Lois Lowry’s dystopian novel was awarded the John Newberry Medal for outstanding children’s literature, though I found it too uneventful and dark for my 11 year old daughter, even after we agreed to add it to our summer family reading list.
The Giver reminded me of other dystopian books, like A Brave New World, 1984, and The Hunger Games, but mostly of Kazuo Ishiguro’s superb heart-wrencher, Never Let Me Go. Unlike The Hunger Games, it starts off slowly and uneventfully. All of the dialogue is stilted and unnatural, and there is quite a bit of exposition, which made me think the writing was amateurish. It is also quite dry, but that simplicity makes it easy to read. In fact, I got through about 120 pages in a day. This is the only aspect that is apt for kids.
At first, Lowry’s community comes across as a kind of utopia, devoid of violence, hunger, or suffering of any kind, though I was immediately struck by something being not-quite-right, which becomes increasingly unnerving the further you get into it. I couldn’t help but feel I’d rather be dropped anywhere else, the maze in the Maze Runner, or even Harrenhal. By the halfway mark, I genuinely hated the world of The Giver, and what at first looked like a flaw in Lowry’s writing, you come to understand is intentional. The people talk unnaturally because they are anything but natural.
While it’s hard to criticize a book that keeps your eyes glued to the page, I often found myself asking why. How does it manage to grip me, when all of the characters, including Jonas, the protagonist, are flat and uninteresting? The setting is unimaginative, even for a dystopian novel, and very little happens. Lowry does, however, tackle some deep philosophical and sociological issues, though what, exactly, she is trying to convey is hard to determine. Much of The Giver deals with issues of individuality and freedom and security, and the interplay between them. Is it better, for instance, to surrender emotions like love, if you could also rid the world of hate? Is it worth giving up choice, where we go to school, who we marry, what we choose to do for a career, if we can end poverty and hunger and war? It’s pretty heady stuff, and a bit too much, I feel, for younger readers, but not quite as impactful as A Brave New World. There are moments when Lowry tugs at the heartstrings, but I was never so moved as I was by Never Let Me Go, which dealt with many of the same subjects, but in a subtler and more poignant way.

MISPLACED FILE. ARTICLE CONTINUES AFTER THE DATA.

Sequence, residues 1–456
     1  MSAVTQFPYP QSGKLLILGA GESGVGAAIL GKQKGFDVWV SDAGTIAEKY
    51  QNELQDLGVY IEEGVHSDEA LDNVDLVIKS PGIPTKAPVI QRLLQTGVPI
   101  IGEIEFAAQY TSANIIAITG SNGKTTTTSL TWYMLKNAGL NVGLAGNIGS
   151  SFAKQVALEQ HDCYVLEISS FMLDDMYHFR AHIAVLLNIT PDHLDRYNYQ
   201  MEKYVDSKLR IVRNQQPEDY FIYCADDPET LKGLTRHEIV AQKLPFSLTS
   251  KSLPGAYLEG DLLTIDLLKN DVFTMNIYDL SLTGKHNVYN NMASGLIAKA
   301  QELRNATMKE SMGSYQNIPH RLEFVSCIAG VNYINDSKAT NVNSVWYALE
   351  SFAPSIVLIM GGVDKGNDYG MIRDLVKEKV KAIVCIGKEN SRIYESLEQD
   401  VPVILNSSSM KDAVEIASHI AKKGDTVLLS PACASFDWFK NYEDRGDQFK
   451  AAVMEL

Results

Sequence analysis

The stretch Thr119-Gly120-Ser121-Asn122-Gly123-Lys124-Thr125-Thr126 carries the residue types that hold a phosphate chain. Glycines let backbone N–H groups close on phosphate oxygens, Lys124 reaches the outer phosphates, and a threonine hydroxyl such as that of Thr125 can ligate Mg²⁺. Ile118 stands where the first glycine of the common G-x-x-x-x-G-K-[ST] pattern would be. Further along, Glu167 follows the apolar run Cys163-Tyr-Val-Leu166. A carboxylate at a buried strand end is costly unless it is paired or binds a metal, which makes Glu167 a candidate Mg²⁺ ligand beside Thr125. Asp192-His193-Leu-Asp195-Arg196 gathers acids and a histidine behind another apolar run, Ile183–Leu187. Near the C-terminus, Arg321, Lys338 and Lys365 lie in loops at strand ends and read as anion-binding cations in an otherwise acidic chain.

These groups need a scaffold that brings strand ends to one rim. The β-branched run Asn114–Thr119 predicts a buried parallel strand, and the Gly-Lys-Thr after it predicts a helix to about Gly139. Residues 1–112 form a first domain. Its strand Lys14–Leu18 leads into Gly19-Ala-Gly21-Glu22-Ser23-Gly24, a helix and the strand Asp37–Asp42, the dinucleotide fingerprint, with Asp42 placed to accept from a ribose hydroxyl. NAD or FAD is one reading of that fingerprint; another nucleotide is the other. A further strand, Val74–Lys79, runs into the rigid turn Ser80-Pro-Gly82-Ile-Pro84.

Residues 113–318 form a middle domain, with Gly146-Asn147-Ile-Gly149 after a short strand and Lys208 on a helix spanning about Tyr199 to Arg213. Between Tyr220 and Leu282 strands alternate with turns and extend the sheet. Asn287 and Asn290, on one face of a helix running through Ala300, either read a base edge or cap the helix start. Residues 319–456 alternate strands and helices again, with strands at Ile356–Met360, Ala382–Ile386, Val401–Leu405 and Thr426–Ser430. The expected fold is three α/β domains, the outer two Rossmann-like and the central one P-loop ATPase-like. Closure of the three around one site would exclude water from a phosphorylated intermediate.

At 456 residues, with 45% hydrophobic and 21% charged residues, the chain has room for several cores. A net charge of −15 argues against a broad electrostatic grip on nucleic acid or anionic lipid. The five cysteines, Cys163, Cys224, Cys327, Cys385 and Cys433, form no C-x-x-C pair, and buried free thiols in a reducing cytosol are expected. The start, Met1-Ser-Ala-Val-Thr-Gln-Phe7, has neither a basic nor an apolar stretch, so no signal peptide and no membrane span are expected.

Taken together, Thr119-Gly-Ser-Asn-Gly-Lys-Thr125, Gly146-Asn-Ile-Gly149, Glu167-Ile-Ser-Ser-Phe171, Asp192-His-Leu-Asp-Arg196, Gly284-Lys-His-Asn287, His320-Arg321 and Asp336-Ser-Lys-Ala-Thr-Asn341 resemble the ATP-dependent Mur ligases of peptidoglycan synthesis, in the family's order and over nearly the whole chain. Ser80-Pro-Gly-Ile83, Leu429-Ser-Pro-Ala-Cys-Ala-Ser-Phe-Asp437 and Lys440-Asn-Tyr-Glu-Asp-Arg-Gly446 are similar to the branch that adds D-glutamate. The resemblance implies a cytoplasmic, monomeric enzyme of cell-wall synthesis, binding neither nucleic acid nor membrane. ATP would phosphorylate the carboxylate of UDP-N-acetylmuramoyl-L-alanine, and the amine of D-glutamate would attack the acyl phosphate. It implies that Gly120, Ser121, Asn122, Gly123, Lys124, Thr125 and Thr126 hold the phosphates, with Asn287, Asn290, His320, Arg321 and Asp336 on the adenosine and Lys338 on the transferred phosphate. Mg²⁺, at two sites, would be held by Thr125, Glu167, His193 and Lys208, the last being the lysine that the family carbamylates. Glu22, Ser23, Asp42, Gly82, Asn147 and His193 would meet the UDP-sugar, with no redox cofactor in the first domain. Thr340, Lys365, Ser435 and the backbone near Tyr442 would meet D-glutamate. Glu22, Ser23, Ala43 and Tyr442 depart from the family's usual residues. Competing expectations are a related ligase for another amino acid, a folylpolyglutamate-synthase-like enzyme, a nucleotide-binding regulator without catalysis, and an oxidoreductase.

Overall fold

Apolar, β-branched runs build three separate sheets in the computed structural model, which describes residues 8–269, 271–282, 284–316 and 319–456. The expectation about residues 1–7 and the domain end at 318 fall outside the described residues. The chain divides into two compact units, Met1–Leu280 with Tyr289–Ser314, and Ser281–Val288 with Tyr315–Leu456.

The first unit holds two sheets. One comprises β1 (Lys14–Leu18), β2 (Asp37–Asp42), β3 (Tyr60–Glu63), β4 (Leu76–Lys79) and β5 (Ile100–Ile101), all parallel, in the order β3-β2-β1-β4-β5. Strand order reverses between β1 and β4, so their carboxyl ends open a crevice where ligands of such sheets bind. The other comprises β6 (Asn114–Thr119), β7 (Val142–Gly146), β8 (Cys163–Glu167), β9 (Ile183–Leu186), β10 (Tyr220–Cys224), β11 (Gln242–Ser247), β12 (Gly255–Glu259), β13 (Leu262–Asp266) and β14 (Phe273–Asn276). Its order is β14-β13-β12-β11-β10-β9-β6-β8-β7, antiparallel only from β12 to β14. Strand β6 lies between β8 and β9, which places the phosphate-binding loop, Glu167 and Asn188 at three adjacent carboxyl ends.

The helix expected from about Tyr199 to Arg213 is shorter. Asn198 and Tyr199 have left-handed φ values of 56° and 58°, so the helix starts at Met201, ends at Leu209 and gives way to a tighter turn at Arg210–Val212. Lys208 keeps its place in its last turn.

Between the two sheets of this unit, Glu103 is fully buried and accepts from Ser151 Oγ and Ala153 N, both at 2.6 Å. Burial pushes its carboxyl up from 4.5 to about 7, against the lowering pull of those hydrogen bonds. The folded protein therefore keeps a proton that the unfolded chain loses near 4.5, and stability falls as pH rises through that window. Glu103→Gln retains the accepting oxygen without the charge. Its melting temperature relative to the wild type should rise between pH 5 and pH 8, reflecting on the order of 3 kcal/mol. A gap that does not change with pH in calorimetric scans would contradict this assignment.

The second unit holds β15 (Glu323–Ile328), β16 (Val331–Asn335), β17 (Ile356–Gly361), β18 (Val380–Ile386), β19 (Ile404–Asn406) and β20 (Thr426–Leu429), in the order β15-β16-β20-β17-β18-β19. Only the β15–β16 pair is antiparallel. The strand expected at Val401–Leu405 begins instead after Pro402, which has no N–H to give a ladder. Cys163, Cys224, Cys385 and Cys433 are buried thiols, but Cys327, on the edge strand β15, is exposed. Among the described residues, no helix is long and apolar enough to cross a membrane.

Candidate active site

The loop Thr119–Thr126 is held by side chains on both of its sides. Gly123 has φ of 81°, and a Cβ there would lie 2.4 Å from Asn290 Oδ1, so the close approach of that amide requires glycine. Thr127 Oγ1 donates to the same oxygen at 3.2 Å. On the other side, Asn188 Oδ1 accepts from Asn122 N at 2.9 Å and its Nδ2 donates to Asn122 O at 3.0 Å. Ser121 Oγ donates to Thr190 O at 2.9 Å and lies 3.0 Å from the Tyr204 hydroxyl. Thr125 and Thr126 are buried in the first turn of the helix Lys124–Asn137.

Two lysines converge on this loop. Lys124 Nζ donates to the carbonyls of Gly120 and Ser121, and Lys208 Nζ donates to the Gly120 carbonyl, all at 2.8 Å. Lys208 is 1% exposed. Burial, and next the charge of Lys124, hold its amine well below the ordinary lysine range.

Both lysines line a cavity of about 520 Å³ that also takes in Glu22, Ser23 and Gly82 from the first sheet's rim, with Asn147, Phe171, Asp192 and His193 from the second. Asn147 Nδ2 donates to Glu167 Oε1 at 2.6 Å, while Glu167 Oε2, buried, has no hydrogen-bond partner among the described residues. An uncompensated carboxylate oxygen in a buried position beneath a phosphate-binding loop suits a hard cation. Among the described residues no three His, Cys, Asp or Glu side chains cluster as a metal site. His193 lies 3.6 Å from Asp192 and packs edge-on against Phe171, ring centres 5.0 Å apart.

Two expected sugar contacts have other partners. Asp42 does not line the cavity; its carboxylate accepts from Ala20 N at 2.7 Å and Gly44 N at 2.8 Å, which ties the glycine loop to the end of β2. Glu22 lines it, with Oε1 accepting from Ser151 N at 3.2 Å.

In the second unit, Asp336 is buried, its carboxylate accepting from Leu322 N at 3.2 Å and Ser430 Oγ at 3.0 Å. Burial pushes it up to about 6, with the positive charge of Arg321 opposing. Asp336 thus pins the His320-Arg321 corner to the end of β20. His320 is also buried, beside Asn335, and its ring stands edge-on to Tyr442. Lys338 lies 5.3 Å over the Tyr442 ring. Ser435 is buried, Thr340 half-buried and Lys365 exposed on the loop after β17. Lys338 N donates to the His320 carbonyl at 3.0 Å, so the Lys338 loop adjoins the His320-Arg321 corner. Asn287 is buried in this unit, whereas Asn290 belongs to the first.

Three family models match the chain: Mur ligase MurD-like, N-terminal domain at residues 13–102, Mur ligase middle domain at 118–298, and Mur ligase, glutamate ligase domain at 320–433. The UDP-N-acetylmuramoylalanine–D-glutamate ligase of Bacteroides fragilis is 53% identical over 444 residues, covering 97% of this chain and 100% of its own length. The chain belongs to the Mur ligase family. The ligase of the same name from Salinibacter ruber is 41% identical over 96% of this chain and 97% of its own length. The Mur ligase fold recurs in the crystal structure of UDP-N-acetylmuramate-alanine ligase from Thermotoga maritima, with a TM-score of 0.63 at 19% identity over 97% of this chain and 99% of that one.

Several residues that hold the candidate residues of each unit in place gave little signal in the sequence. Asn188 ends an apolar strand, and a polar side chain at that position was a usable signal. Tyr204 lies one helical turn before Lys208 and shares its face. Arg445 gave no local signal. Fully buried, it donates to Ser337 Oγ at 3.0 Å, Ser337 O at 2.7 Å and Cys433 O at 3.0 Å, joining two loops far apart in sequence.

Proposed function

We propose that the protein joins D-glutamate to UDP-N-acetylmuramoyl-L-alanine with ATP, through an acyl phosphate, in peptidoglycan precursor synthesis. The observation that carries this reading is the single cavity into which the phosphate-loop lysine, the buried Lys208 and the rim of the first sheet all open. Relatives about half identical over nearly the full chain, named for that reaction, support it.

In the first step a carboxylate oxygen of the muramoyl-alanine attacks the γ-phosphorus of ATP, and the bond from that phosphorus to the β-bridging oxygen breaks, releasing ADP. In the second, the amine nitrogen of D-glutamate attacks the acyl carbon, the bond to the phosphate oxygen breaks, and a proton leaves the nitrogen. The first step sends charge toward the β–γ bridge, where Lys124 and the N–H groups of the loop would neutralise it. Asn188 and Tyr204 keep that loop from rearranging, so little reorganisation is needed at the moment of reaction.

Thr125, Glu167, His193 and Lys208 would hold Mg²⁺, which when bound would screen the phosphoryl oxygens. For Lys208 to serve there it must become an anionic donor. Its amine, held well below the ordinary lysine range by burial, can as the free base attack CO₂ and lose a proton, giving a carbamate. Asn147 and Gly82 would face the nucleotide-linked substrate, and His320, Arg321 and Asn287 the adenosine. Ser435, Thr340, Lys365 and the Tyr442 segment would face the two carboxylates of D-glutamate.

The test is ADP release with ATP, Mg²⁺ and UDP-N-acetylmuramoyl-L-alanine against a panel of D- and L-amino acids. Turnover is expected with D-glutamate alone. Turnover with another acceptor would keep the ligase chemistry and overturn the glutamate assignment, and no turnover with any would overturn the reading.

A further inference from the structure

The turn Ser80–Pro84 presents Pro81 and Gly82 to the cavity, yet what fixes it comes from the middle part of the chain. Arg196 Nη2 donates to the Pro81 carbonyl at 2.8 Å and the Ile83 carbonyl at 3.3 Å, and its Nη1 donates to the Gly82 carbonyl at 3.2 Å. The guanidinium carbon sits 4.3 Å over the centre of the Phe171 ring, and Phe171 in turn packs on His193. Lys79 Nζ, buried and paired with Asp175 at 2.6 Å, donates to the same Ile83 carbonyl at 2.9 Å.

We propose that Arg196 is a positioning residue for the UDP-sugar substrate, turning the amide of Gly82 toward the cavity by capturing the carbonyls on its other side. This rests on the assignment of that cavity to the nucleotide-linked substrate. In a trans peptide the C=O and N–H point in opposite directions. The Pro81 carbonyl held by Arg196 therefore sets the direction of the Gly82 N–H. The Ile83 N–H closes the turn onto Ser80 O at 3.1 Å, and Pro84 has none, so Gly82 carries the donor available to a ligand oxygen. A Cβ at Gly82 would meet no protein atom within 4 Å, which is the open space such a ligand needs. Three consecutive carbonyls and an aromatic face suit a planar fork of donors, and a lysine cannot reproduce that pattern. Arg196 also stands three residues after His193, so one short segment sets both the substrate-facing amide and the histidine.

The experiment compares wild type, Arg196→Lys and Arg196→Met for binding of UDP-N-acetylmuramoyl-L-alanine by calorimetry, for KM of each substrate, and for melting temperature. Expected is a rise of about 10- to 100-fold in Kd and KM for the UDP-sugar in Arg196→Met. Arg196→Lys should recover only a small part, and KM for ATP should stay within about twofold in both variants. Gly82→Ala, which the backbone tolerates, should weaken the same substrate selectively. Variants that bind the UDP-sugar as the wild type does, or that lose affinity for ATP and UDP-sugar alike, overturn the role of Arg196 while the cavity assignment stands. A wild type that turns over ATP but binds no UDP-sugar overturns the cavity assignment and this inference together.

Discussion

Hills? Snow? Colors? Music? Abortion? Check out the podcast below, where my wife and I delve deep into these topics (with spoilers!) in The Giver.